You start with a status you like, so you naturally ‘like’ it. Then you stumble on a link that you like, so naturally you ‘like’ it, comment on it. Then you write your status, hoping that it is witty enough to feel the facebook love with an assault of ‘likes’ and comments. Then you post in one of the many groups you are in, maybe for homework, maybe for youth group, maybe because you know a bunch of people who like beards or pie. Then you post photo’s of your beard, or the pie you baked and begin in a dialogue about it with someone 1000’s of km’s away. Then you look at an event you were invited to, click ‘attending’ or ‘join’ even though you’ll most likely forget about it. Then you look at the clock and realize that an hour has gone by and that’s when you feel it… ‘facebook guilt’ or ‘facebook shame’ because there was something else you needed to do. The thing is, during those moments you are actively participating in something that you are naturally compelled to do.
Connect. God connects with us. We connect with God. We connect with each other. (Genesis 1-3)
But the thing is, a lot of people use facebook to connect. TONS! Some of the stats on usage are staggering; 1/4 say staying connected on facebook is more important than dating, 4/5 students say that in a given hour they will be interrupted by social media, 9/10 college students and young professionals have a facebook account. These numbers are staggering. Whatever the stats may be, people are hanging out and staying updated on facebook or other social media (for other stats click here).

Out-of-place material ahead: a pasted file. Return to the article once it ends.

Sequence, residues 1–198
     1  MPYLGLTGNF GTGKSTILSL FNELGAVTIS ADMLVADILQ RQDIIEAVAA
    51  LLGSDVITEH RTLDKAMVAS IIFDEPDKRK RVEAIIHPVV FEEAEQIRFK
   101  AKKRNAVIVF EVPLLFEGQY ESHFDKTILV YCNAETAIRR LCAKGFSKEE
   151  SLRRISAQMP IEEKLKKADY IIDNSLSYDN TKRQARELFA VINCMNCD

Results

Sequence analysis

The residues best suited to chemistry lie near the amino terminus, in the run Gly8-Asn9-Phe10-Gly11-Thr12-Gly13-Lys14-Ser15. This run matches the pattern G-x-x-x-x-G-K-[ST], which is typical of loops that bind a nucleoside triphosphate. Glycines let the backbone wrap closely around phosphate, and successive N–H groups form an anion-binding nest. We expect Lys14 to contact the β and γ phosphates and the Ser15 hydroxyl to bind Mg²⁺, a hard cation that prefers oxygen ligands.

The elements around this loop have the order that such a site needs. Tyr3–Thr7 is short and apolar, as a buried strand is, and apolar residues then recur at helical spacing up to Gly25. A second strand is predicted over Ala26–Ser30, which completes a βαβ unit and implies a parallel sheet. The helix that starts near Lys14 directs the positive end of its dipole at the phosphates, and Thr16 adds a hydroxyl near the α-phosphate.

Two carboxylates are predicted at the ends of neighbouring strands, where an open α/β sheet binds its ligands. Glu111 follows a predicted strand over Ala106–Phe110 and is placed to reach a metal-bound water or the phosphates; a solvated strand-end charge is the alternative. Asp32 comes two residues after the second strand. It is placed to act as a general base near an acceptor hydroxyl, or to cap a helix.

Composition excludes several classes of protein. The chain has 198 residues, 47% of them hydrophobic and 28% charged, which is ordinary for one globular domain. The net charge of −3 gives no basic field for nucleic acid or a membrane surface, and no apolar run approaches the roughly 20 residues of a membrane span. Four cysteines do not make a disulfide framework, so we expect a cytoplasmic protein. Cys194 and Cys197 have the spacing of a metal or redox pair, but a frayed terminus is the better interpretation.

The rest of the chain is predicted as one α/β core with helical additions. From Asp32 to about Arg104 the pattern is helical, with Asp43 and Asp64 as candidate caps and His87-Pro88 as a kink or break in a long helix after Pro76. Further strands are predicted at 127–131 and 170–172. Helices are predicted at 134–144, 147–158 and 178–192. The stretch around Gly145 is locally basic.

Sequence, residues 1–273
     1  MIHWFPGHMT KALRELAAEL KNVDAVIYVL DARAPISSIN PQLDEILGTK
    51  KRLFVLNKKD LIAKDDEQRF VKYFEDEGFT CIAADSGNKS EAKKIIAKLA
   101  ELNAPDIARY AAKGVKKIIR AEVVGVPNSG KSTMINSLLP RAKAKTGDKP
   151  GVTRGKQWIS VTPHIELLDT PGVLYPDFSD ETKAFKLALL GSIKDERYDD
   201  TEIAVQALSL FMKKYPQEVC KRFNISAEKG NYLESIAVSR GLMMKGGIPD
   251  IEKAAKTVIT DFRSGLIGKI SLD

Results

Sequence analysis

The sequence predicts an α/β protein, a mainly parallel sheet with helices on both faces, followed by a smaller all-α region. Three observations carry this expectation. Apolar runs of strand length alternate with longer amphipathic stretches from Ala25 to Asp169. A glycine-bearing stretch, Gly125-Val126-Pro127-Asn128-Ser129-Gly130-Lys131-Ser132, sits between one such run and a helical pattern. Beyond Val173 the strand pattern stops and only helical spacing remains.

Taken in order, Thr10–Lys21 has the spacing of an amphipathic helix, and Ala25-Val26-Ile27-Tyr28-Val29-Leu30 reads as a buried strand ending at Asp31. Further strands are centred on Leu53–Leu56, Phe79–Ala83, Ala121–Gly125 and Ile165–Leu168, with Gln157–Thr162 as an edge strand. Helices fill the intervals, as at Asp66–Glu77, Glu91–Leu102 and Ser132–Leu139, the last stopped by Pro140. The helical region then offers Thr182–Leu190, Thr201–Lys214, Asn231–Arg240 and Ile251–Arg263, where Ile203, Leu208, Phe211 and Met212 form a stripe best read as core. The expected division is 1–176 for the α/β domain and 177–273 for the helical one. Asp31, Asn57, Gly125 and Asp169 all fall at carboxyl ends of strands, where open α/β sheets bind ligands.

There are some benefits to this high degree of connectivity.
People from all over the world are connecting. The result has been, people from different contexts are sharing information, ideas, critiques and much more with a few clicks. Movements have started because of this consistent opportunity to connect. People are able to connect with old friends and family. People share photo’s and video’s that are wonderful snap shots of a life lived half a world away or across the street. Facebook has become a social hub.
Inherently, I’m not sure that this is all bad. Facebook has created community. Community is a good thing because community is a group of people connecting in the name of relationship. Community can be an intimate spiritual experience when a group of people connecting in the name of relationship seek a relationship with the living God.
The question for me, can this happen without physical presence with one another? Can there be a digital community in the deepest sence of the word? Is there such a thing as a facebook spirituality?
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